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Hi Jacob! Brilliant article, I was dealing with the same thing today.
I have another problem tho. The repo I was contributing to did not have a lot of activity and I had to make many changes and many PRs (rule was one change per commit, one commit per PR). Now I made change 'ChA' and commited 'CmA'. Then I pushed and created a PR. But the problem I guess was that the PR was not accepted very fast (as would generally happen). I move on to next change, 'ChB', commit 'CmB' and push it. But now when I try to open a PR, I am shown the previous PR (which has not yet been accepted) with both commits 'CmA' and 'CmB'. How do I keep them separate?
That sounds like you need to make each of those commits on different branches.
If you didn't make a new branch when you created 'CmB', then you might have accidentally added that commit to the same branch as 'CmA' which would put it in the same Pull Request.
Thank you for the reply, Jacob. Yes, these were all on the master branch. Do you suggest I make separate branches for each of those changes? How does that work for many changes?
What I do, is create a branch for each new feature. I usually have quite a few commits in each PR, but they are all for the same feature on what most people refer to as a 'feature branch' (meaning a branch specifically for that feature).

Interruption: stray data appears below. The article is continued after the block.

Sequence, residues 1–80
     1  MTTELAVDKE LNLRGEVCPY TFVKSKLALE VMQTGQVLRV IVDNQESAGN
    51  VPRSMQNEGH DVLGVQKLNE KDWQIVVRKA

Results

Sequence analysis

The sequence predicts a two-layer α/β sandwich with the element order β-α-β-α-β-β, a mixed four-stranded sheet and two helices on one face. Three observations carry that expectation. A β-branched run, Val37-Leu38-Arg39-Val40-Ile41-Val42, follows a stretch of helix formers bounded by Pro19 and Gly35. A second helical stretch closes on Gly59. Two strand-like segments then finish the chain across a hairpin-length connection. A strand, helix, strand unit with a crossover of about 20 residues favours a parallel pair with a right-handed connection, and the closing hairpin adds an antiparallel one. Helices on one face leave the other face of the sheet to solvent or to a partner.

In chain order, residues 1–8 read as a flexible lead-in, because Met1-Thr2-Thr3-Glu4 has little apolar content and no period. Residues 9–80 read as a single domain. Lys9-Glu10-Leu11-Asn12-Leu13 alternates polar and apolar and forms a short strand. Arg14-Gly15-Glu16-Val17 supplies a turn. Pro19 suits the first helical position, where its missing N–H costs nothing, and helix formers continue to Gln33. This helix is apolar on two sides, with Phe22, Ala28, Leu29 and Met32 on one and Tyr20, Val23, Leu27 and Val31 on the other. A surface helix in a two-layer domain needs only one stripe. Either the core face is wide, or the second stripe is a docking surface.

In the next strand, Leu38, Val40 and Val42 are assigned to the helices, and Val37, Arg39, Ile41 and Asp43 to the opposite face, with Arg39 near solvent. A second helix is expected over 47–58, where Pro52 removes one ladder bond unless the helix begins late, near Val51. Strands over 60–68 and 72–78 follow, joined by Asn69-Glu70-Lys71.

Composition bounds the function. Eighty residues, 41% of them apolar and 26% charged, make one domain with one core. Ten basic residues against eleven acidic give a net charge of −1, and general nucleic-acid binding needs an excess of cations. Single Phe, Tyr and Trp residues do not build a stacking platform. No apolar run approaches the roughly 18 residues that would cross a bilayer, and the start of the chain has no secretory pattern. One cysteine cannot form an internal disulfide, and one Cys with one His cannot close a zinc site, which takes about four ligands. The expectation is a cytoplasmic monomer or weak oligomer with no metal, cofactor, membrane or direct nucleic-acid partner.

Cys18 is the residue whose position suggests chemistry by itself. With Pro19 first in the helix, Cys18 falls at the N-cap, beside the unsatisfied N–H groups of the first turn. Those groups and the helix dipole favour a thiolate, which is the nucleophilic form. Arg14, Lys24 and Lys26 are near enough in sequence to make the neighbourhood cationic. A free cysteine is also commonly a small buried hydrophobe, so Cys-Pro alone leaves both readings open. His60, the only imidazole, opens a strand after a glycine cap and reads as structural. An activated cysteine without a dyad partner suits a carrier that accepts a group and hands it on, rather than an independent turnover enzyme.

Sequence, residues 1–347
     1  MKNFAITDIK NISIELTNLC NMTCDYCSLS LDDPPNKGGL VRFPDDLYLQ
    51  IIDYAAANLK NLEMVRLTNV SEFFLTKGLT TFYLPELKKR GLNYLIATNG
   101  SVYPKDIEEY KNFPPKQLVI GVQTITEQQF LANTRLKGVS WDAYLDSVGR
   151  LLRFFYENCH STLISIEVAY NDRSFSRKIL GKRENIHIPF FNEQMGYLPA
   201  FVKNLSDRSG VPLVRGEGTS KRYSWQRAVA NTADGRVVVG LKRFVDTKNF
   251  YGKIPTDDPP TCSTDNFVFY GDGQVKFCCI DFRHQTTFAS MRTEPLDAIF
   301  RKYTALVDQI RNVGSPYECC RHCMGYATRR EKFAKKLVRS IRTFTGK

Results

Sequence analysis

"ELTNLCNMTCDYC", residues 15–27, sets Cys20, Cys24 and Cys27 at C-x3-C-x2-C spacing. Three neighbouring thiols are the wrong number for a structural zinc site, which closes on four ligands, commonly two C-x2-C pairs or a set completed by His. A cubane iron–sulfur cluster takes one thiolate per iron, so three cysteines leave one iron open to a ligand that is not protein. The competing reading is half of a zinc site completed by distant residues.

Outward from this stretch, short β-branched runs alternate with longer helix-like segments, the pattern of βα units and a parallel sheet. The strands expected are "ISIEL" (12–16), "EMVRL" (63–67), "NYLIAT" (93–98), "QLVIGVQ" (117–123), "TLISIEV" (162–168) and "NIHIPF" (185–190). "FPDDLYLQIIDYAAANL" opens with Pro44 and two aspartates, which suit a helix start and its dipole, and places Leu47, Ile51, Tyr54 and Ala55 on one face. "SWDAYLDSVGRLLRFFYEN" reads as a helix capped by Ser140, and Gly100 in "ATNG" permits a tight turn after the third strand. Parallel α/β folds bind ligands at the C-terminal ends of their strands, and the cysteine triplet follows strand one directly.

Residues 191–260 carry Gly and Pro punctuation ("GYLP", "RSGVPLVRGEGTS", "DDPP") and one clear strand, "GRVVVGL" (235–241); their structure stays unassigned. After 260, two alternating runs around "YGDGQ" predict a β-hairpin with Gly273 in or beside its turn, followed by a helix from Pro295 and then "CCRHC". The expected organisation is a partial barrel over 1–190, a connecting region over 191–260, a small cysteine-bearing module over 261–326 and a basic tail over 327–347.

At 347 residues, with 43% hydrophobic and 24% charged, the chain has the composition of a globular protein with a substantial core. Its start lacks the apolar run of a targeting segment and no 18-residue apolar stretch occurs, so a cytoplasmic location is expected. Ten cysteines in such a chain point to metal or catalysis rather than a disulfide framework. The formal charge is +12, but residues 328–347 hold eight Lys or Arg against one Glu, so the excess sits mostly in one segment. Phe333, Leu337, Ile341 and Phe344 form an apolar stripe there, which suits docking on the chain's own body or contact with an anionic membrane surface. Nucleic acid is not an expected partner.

So if I'm going to fix some documentation, I'd make a branch from master called documentation-fixes.
git checkout master
git checkout -b documentation-fixes
git commit -am "Some doc fixes!"
Then when I got to implement a feature, I'd make a new branch from master:
git checkout master
git checkout -b some-new-feature
git commit -am "Some feature!"
I understand now. Thanks for such detailed explanations! They really help a lot. And congratulations on the new job! :)
If I have local changes, I prefer to stash, change the tracking branch, pull, change the tracking branch back, re-apply stash, deal with any conflicts, push!!! It makes me feel comfy for some reason! I am scared of rebase.
I used to be scared of rebase, but I got used to it and now it's one of my favorite git commands. It can be scary though.
A rebase a day keeps the doctor away.
I didn't realize you could use remotes that way... but you are right - that makes keeping forks updated a LOT easier!
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